Tools you may need:
- Variety of drill bits
- Table saw (or a normal wood saw)
- Hack saw
- Selection of screwdrivers
- Wood and metal files
Step 1: Parts List
There are four main components to a boombox that determine how it performs:
- The amplifier
- The speakers
- The power source
- The housing
Parts that you may require:
- An amplifier in the range of 150W~300W RMS
- 2x 6 1/2" 75W hi-quality speakers 6 ohms
- a sealed lead acid battery of about 9AH but the higher the capacity the better
- several large off-cuts of 3/4" MDF
- sheet aluminum to make the interface panel
- various screws
- heavy duty flight case handle
- 3.5mm headphone to RCA cable
- textured stone effect paint
- mains junction blocks
Step 2: The Housing
- 2X panels of 18" X 12"
- 2X panels of 18" X 7"
- 2X panels of 10.5" X 7"
- I used a circular saw to cut each piece accurately. If you ask the timber yard nicely, they may cut the wood to your dimensions for you. If not, just mark up the lines using a rule and a set square. Then cut them manually keeping the blade about 30° up at the back and along the line. Now sand down the edges however don't take them off completely.
- Now get the worst looking big panel, this will be the back of the boombox. Use the second image to help when drilling screw holes for adjacent corner panel. Where B is the back and A is a side panel. Remember that the pilot hole for the screw must be smaller than the screw itself.
- Attach the other side panels leaving the front panel for cutting the speaker holes in later.
For my speakers I needed two 6" holes in the front panel. To do this, do this:
- Get a compass and mark up the two holes.
- Drill a hole large enough to put a jig saw blade in.
- Follow inside the line with the jigsaw.
- Sand back the excess.
Step 3: Time to Paint!
What Paint ?
I used rust-oleum Black Granite textured spray paint as it gives a nice textured feel. I then added a coat of glossy black on top to give it some shine.
How to paint:
- Make sure all dust, grease and wax is removed.
- Assemble the boombox (ie all 6 panels)
- Lay an old newspaper down and place the boombox on it
- Using MDF primer coat the entire surface and allow to dry.
- Apply the textured paint and allow the dry.
- Touch up any areas missed now.
- Spray a fine layer of high gloss black on top and allow to dry.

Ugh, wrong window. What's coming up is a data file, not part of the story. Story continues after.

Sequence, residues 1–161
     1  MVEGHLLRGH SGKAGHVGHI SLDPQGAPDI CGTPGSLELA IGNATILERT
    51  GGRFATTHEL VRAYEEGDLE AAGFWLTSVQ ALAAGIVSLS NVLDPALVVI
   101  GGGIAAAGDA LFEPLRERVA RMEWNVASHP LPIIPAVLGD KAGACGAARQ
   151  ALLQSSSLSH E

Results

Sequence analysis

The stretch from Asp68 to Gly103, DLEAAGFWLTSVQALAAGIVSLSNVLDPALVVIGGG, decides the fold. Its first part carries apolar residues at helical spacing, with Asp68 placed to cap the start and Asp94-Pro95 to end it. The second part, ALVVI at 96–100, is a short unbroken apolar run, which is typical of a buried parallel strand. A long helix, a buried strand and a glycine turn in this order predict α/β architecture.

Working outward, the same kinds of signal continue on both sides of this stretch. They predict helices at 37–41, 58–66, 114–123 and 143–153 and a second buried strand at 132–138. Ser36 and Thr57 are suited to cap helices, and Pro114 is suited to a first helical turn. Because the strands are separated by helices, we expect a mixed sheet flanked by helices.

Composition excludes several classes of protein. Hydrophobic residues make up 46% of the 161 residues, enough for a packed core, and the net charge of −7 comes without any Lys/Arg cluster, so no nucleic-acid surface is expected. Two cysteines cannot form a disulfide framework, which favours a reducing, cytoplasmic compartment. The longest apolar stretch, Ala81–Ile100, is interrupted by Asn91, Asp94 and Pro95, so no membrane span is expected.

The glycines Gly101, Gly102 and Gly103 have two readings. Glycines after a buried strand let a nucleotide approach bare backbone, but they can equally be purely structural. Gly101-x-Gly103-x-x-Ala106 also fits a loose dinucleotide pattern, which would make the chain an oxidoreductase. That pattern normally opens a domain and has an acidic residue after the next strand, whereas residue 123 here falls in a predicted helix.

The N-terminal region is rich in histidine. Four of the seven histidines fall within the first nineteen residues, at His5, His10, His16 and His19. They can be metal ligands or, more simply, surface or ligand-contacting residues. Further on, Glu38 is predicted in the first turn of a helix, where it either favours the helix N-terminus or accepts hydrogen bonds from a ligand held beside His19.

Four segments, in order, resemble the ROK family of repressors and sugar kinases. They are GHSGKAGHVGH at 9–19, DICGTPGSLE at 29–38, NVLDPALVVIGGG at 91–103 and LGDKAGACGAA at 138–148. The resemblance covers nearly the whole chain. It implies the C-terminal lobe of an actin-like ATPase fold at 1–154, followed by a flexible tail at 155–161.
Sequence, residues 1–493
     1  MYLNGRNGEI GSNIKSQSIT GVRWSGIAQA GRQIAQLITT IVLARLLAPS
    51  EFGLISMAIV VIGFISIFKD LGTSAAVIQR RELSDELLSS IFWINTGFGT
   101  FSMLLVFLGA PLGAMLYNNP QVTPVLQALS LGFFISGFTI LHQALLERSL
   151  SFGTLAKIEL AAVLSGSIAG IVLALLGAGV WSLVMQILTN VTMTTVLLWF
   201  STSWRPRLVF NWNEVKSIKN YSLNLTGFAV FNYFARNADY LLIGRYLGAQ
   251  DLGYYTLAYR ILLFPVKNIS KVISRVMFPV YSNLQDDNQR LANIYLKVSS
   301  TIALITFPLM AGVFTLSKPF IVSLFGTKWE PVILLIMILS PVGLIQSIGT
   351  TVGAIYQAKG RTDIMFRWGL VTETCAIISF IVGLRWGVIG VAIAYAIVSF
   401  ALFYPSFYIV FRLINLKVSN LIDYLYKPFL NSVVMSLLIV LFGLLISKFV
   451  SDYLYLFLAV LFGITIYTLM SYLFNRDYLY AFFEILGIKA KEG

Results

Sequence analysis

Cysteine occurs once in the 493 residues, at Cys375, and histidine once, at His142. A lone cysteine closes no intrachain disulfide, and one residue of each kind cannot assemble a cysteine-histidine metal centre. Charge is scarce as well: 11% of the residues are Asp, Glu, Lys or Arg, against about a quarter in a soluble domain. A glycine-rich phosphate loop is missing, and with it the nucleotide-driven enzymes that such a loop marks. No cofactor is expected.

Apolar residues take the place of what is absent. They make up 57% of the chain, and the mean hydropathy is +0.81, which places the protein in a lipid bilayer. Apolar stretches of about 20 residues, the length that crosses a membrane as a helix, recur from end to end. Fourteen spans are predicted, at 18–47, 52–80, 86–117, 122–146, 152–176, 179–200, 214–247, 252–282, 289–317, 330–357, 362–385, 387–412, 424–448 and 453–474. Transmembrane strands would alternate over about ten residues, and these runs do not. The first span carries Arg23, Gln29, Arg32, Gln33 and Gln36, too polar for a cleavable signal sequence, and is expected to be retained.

- With some p180 grit paper very lightly scuff the tops of the bumps making them grey. This adds subtle but nice detail.
Step 4: Mount the Components
Mount the huge speakers:
- Place the speakers in holes we cut out earlier
- Find screws that fit in the holes
- Drill pilot holes that are smaller than the screws for each speaker.
- Screw the speakers in place.
As your components may be different there is no set layout to use. Try to arrange every component inside the box. This may take time but it should work out. For the battery I had to bend a piece of aluminum to make a bracket in order to keep it in the center of the box. This is important as an unbalanced boombox may seem heavier then it is. The other components where easier as the could be screwed down to the back panel. See the image to get an idea of component placement.
Step 5: Interface Panel
The handle you use will be different so you will have to follow the manufactures instructions. The control panel on the other hand will be very similar. The control panel will allow you to swithc between operational and charging mode, as well as controlling the internal aux power supply.
I took a IEC power connector from a computer PSU to use as my power inlet. I also used a grommet to protect the headphone cable and two switches, one a spst rocker and a DPDT rocker. See the third picture for the wiring diagram.
The PSU remain in standby untill the single switch is pressed. The charger stays on constantly as it draws very little power when disconnected. However it cannot be left connected to the battery when off, as this drains the battery hence the circuit above.
To make the panel:
- Score a 5" by 5" square onto some plate aluminum.
- Mark up the switch bore holes
- Clamp the aluminum to some scrap wood and then clamp that to the bench.
- Chain drill (multiple conjoining holes) around the inside of the markings.
- File out the hole and repeat for the other switch.
- Cut out the panel, file any bur of and rub it down with p180 grit paper.
- Hole the panel to the housing and drill 4 corner holes
- Screw down the panel
- Drill and chisel the MDF out of the switch hole.
- File back unit the switches can be pushed in.
All that is left is to wire up the panel and connect up the speakers.
Note about REM - with many thanks to karlpinturr for pointing this out:
Standard car amplifiers have a connection next to ground called REM, this is called remote and is used the switch the amplifier from standby to on. REM is normally triggered with 12V by the head unit (cd player) in a car. It is used to have a quick power up time however leaving the 12V of the amp permanently connected will drain your battery therefor I just power it up directly with the 12V input..
Just short the REM to the 12V input and turn the amplifier on by connecting and disconnecting the 12V input to the battery.
Step 6: DONE!
My Final Specs are:
- 160W RMS
- 14 hour battery life (when used lightly)
- 2,000,000 dB (lie)
Sorry for low volume it was early in the morning.